1914 Indy 500

I finished up my studying today a bit late, and started in on the album at 6:00 p.m.  It's winding up to be about three to four hours work to finish a post!  I noticed this evening that I've stopped sneezing, too.  I guess that having the scrapbooks out in the fresh air has done them some good.

As I started digitizing what I felt were interesting photographs, I began to realize that this race may take more than one or two posts.  There are just some great photos here, and a lot of interesting stories to go with them!  So let's start off with a little fanfare.

Hopefully, we all have the theme from Rocky and Bullwinkle playing in our heads.

I thought this was a fun photo, since I had mentioned the marching band in a previous post, and it appealed to the little kid in me.  I've always loved listening to a brass band at a parade, and I can imagine Ivan running out there to snap a photo with his camera, although he was actually more like 20.  I don't have a clue what he used, but I do have a couple of his cameras as part of the collection.  It was actually a bit of an ordeal, not like snapping a digital photo with your cell by a long shot.  So this shot would have had quite a bit of planning before releasing the shutter.  Unfortunately, they all stopped playing just as they got to his position.

Ivan wasn't really careful about the order he put photos in, so I'm not going to try and guess the series of events, but the upcoming photo of the drivers did come after the band.  I thought it built a good sense of tension in the scrapbook, so I included it here.

Now it starts to get more interesting.  The cars are on the track and we get to walk down and see them in their starting order, sort of.  For whatever reason, there are only 4 photos of the grid.  It's possible that the photos just didn't come out, but we start with starting position 4, 5, and 6.

Mulford-23, Carlson-25, Chandler-38

Positions 9-12.  Bragg-21, Duray-14, Guyot-10, and Knipper-31
I promised in my goofy pre-post to this race that we'd see a famous WWI aviator in this round of photos, and here's our ace.  Eddie Rickenbacker, (from Stephen Sherman's great site) who changed his name from Reichenbacher, so Americans wouldn't confuse him with one of the German aces.  My son and I have read his autobiography a number of times and loved it.  This was one fascinating man, and I really love the parallels, however few, between him and Ivan. I promise to post a couple of great photos of Rickenbacker at the 1915 race.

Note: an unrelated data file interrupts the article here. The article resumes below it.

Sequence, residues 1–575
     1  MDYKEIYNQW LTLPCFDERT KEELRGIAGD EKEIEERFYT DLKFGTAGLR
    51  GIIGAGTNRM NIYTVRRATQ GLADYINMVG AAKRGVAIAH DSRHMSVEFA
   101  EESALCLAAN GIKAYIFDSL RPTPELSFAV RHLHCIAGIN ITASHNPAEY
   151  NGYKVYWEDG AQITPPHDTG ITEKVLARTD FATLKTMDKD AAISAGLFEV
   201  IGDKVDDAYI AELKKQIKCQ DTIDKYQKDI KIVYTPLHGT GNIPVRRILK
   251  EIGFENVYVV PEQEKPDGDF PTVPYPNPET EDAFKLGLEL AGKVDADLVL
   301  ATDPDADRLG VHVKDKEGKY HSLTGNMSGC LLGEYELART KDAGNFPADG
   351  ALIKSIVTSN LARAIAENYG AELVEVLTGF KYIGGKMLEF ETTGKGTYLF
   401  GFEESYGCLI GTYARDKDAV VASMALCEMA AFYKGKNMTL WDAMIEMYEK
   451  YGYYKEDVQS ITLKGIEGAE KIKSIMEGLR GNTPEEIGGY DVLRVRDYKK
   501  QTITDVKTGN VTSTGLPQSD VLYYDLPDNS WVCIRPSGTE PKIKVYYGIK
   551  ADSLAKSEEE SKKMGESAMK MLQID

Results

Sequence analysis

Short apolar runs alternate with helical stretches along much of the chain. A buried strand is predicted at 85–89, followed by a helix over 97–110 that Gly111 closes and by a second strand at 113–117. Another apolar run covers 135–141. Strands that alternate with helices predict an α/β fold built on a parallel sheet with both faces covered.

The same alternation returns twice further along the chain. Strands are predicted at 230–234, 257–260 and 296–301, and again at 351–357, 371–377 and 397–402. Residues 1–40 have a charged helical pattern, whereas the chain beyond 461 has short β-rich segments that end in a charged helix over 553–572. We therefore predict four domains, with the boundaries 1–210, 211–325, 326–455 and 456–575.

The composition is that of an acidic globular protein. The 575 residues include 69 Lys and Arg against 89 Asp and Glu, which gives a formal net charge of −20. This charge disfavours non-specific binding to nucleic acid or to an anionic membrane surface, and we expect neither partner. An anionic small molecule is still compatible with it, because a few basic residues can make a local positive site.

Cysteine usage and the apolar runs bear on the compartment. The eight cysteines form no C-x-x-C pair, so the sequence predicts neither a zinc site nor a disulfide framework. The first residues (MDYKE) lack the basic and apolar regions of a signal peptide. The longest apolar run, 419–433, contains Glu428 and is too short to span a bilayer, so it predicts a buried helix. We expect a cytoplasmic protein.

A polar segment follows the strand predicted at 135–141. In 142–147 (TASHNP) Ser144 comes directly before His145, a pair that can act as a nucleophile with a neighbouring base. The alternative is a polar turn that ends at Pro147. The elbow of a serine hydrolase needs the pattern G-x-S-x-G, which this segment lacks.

Positions 22-26.  Burman-17, Rickenbacker-42, Disbrow-1, Wishart-19, Grant-27

Positions 13-17.  Mason-13, Cooper-2, Thomas-16, Anderson-24 and Dawson-26
For this post, I'll leave with this final photo of the pace car and the start of the 1914 Indianapolis 500.  Notice the driver and the observer looking back over their shoulder's to get a good look at the start.

I had a major shift in my understanding of the time frame of Ivan's life tonight.  I had been working on the incorrect belief that he was much younger when he started flying.  I thought he was around 19, when it turns out he was more like 22.  This actually answers some perplexing questions I had regarding his military service.  I only mention this to point out that it's fun going through this material, and being able to reconstruct facts about a person's life that were misunderstood previously.  I'm excited to dig into the collection more as a result.

There are a number of outstanding photos in the next batch coming up.  I have a couple of wrecks, breakdowns, and more track-side photos of racers and cars.  I also wanted to mention that I'm not doing any photo retouching at all, so far.  There may be some that I need to mess with the exposure, just so they're view-able, and I have done a number of photos that I have reprinted with really good results that I hope to frame, soon.



Scope of the project

Today, I did a complete redesign of the layout.  It works really well on Chrome, and Firefox is okay, but cuts off a bit of the base, so I'm rethinking it further.  Suppose I better try IE, too.  I know one of you uses Safari, maybe you could tell me what you think.  I really disliked the way the big photo behind the text and transparent background worked.  So unorganized.  I'm not trying to annoy people, but if I'm going to be doing this for a while, I want it to look good.

I decided to show a bit of the scope of the project, and let you have a "behind the scenes" view of what I'm working with.  Mostly I'm working out of four scrapbooks which contain the flying with some racing.  One of the scrapbooks is all cars.  One of the scrapbooks is all family.  The 3-ring binder that you see open contains all the letters (yes, they're archival separators), and I've posted a photo of the logbook, which it looks like he re-transcribed at some later date.  Also, you can see his journal from 1920, and his Aero Club and Naval Aviator's certificates.  The tiny black book contains candy recipes.  We'll talk about that in a year or so.